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Is the scrum master the "best friend" of the dev team or not?

Last post 05:34 am December 7, 2013 by Ludwig Harsch
8 replies
04:24 am November 30, 2013

In Gloger 2009, p 86 I read that a scrum master is the "best friend of the team". On the other hand our scrum coach told me that you shouldn't be too connected to the team, because it's much harder to fire your friend than someone else. We were talking about splitting the team against their will (which might indeed be a decision that management has to make, but I'm talking about the attitude in general here).

To me being not too connected to team goes completely against my intuition and my deepest inner values, because I believe that people perform best when they are motivated and feel that they can trust their colleagues. It might have something to do with the fact, that I used to be a developer within the team for four years before introducing scrum.

An initial google research brought up… that seems to agree with the consultant.

1. How do you feel about this?
2. Do you have any suggestions for further reading?

Thanks in advance,


08:10 am November 30, 2013

This is not a question specifically geared toward Scrum Masters but rather leadership philosophy of which you'll find many different opinions.

I find it better when you are friends with the team. They will respect you more when you can make inciteful remarks to make them better and be able to laugh with them. This is coming from a technical development supervisor for a large enterprise.

10:59 am November 30, 2013

Hi Flo,
I didn't read Gloger, so I don't really know what he means with best friend.
For me, the best friend is the one you share your personal problems with, so I don't agree. The Scrum Master is more like a coach. Sometimes you hate him, because you don't want to follow his new training plan, but as soon as you win the game, you understand why the plan was necessary and why you had to leave your comfort zone. Maybe this is what your coach means.

This doesn't mean he is not concerned about the team. If productivity goes down, he has to be concerned. But if a developer states "My solution works, why the hell do I have to write a test?" the best friend would probably say "You are right, well done, the DoD sucks, let's go out and drink a beer".

About Scrum Masters firing employees and splitting teams against their will, I recommend "The enterprise and Scrum" by Ken Schwaber, especially the chapters "Team Creation" and "How people are managed". In an ideal Scrum enterprise, the teams are created self-organizing, and people who are not accepted by any team go to the "bench". I like this idea, as much as I know how difficult it is to implement for the enterprises I know.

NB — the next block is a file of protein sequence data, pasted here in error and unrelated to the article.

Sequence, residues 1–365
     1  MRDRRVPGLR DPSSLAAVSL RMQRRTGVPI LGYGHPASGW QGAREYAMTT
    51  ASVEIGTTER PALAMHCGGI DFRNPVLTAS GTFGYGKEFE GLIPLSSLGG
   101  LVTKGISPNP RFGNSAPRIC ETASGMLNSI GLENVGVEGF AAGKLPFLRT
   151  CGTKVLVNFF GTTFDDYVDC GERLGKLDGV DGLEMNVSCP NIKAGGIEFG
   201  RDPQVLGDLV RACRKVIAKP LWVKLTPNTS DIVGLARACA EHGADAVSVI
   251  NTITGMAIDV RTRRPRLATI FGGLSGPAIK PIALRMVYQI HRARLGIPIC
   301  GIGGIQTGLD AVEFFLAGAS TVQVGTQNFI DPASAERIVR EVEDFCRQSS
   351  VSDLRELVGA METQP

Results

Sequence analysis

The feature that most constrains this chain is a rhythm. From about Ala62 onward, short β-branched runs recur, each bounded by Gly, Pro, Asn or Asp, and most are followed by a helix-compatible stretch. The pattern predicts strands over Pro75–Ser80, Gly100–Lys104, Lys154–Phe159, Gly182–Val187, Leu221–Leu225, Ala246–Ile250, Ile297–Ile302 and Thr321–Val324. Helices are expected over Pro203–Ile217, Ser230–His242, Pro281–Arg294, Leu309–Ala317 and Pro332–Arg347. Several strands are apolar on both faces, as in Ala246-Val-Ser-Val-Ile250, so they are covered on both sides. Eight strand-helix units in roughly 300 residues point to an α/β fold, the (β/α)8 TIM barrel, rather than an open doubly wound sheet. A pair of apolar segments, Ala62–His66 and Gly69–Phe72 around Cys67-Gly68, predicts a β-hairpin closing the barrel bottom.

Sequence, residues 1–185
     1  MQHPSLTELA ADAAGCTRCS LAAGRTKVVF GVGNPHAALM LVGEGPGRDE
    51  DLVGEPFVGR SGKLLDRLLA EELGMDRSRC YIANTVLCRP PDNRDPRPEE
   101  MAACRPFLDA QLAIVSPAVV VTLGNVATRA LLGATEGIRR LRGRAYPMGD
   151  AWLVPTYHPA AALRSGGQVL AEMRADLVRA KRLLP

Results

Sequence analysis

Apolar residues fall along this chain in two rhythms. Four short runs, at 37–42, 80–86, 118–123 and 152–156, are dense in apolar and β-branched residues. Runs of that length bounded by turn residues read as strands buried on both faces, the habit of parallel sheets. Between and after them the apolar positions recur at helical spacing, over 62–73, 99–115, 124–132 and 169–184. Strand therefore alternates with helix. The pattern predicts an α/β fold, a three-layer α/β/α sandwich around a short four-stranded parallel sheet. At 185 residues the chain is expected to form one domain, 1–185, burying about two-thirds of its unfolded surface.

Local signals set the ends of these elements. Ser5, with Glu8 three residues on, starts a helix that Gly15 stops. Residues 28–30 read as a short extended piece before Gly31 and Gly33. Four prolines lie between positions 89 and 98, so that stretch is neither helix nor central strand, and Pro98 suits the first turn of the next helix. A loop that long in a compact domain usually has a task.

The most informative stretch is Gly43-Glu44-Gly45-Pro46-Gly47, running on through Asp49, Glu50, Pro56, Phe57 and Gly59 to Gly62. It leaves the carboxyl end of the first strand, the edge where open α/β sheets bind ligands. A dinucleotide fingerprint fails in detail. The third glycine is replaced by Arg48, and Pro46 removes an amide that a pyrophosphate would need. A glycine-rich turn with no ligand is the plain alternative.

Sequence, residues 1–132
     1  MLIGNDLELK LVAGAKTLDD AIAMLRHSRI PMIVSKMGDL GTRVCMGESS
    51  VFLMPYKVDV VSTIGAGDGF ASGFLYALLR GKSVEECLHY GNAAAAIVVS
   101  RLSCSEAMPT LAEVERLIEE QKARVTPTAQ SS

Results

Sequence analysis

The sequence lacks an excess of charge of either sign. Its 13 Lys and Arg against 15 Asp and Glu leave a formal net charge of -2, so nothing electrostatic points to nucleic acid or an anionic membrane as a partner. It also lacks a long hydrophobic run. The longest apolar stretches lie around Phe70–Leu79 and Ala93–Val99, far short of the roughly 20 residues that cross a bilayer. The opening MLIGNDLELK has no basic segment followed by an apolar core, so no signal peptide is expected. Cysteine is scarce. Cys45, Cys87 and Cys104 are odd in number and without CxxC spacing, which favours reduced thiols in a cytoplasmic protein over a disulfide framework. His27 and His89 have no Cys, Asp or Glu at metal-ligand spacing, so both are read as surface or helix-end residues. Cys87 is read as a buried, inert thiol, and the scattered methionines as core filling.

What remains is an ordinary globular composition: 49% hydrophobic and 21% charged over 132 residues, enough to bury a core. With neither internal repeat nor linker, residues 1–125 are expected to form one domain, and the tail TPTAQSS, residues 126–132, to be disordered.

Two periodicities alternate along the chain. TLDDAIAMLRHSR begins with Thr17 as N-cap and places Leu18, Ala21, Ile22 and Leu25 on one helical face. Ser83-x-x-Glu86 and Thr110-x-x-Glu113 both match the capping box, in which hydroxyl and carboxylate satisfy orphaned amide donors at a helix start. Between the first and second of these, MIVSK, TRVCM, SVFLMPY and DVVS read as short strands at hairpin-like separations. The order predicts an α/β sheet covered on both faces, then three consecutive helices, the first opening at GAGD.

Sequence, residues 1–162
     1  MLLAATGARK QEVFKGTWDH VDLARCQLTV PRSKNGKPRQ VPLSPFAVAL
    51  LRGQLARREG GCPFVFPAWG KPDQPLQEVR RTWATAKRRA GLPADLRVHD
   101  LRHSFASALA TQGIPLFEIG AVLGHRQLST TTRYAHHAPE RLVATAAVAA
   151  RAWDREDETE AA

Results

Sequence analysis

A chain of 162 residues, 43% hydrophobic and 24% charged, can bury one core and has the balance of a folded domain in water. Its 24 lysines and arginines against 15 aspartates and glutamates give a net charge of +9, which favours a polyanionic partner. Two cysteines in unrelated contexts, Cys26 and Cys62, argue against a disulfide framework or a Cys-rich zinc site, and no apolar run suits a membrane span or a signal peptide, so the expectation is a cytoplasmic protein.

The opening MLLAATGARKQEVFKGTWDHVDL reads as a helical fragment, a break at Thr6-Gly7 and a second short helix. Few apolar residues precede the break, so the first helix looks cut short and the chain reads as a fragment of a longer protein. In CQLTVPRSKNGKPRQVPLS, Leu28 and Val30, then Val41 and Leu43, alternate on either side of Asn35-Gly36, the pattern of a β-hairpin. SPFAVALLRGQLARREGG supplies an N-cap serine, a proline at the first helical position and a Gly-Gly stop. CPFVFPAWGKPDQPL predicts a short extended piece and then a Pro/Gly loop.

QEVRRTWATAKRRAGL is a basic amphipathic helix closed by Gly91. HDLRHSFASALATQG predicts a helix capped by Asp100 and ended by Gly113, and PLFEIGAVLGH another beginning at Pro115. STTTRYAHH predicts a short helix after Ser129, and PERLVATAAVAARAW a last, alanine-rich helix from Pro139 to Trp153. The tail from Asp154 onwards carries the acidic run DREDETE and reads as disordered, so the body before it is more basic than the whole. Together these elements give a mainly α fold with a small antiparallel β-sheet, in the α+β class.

09:10 pm November 30, 2013

How often is the Scrum Master also the line manager (and therefore has ability to fire)? This strikes me as a very bad idea. The Scrum Master is a servant leader (granted other managers should be too), but more than that having a SM as line manager could really lead to "follow the leader" behavior.

04:01 am December 1, 2013

Posted By Robert du Toit on 30 Nov 2013 09:10 PM
How often is the Scrum Master also the line manager (and therefore has ability to fire)?

Sorry for being vague: The whole "fire your friend scenario" was more to express the attitude and the idea of the consultant, than to say, that I am a line manager (which I'm not).

05:46 am December 2, 2013

A good Scrum Master can be thought of as the best friend of the Scrum Team, although there is no requirement for team members to view their Scrum Master in such terms.

05:48 pm December 6, 2013

Hi Flo,

What problem do you see if the Scrum Master becomes the team best friend? To me, I want to be the team best friend because I want to earn their trust.

04:56 am December 7, 2013

From my point of view "friends" is a good metaphor describing connections between the Development Team and Scrum Master. As ScrumMaster doesn't have any power and not able to fire any of the team members I don't see any conflicts here. But I always prefer using another metaphor - "mother" who loves her children and always ready to come with an advice.

05:34 am December 7, 2013

Why not "mother in law" ;)

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